They are wrong. 7 billion potential attackers can't read your post-it note. (The locked drawer probably eliminates the others, as you point out, but for most domestic situations, the people with physical access to your drawers really *aren't* the threat.

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Windows

Password Encrypter ?

Faced with a gazillion dictionary attacks, I wrote a crappy Javascript program that converts easily remembered passwords into a string of garbage e.g. 1234 becomes =O*02ydeOo9k etc.

You just cut and paste the encoded password. Anyhow, it works for me and my fellow admin.

Obviously, I can't post the source code, but it works on the enigma machine principle.

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All very nice havin 2FA and password mangers till your secondary device or software stops working then what you stuffed.

Rather than making employees comply with company policy regarding accessing equipment a much easier solution,we had a 2FA software fitted to the euipment log in screen.The problem was the engineers who needed to access said equipment sometimes have problems getting the 2FA software runiing to generate a password so couldnt fix any issues until that was working.It got so bad some of the 2FA systems were disabled.

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The Wrong 2FA Solution?

It just sounds to me like you were using the wrong 2 Factor Authentication solution.

There are many out there, but I use Lass Pass: There is an encrypted store on my laptop, and one in the cloud. So, I can access the cloud when not at my pc, and I can utilize the local datastore when I cannot get online.

For me, it works great and I would recommend it to everybody!

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Re: The Wrong 2FA Solution?

That doesn't sound like 2FA to me. That's a password manager, which is completely different.

Lastpass allows you to use 2FA to log in but it isn't in itself a 2FA solution.

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Sysadmins won't like it?

Sysadmins won't like it?

Yeah, sysadmins won't like it because they used to be the only people not forced to change passwords -- they won't like it because everyone will have the same privilege.

Some sysadmins.

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Headmaster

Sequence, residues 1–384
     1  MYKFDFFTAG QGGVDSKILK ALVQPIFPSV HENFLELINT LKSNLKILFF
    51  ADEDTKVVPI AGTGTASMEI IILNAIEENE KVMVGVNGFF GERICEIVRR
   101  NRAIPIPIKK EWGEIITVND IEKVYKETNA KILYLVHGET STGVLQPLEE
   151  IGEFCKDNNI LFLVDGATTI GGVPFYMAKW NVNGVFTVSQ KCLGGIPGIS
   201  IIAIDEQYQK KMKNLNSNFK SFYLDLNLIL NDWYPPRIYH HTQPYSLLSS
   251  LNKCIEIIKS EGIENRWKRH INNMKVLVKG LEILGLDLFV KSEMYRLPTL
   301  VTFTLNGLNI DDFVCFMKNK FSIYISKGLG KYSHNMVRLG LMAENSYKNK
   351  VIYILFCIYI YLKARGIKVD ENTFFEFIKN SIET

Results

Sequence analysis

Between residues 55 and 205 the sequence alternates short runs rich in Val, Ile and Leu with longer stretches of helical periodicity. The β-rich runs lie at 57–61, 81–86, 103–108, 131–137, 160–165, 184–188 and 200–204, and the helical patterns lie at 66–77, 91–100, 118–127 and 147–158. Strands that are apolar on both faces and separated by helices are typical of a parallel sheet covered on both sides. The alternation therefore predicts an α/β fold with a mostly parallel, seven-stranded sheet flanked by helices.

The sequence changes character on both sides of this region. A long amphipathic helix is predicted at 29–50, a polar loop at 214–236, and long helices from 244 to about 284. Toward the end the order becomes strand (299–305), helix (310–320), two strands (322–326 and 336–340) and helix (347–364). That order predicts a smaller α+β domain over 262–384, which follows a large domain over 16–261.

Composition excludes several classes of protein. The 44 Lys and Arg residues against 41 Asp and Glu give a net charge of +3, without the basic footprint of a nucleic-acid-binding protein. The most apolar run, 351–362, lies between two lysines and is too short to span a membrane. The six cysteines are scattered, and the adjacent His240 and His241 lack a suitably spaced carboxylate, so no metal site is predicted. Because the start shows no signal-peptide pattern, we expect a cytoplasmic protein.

Some history

Yeah, changing passwords on a monthly basis has not made sense in a long time.

A bit of history. The original premise (as told to me in 1978 or so) was that passwords were 8 characters, true on IBM mainframes of the day. It would take a month to brute force the 8 character password. (Remember, a brute force attack back then meant a lot of manual typing.) So we mandated changing passwords once a month.

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What, no free GCHQ sponsored password registry?

I'm a bit surprised the GCHQ and NSA haven't gotten together to create a free password registry/manager for people, a la LastPass.

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Re: What, no free GCHQ sponsored password registry?

Love me some LassPass!

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Anonymous Coward

Changing passwords regularly

Makes it easier for the admin or any other staff member to impersonate others as the password will be written down somewhere the user can get to on a Monday morning.

This is from personal experience, the stuff nightmares are made of, you walk into a room and all the user credentials are posted on the monitor, in the first page of their workbook or on the desk/draw.

Best one I saw was a user who would write his corporate username and password on the whiteboard facing his desk, that whiteboard was about eight feet from a ground floor window.

The stupid it hurts.

Don't get me started on the highest paid members of staff who think requests for passwords beyond a name or dictionary word once a decade is firing talk.

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I work in schools.

My first act upon taking on my most recent job, for a large prestigious prep school, was thus:

- Stop the stupid automated 30-day "passwords must be reset" that generated dozens of calls every day as various people's password expired when they were off-site, so they couldn't log in remote, and wouldn't let them use any password they've used in the previous year resulting in - I kid you not - things like P4ssw0rdFeb2014.

- Stop the stupid length restrictions on AD passwords and a few other services ("You must have a secure password but hey, you can't have one THAT secure"?!).

- Actually implemented password retry limits on the remote desktop (Literally, WTF?!)

- Encourage all staff to choose a handful of REALLY DECENT passwords on the promise that I wouldn't expire them literally before they got back from half-term.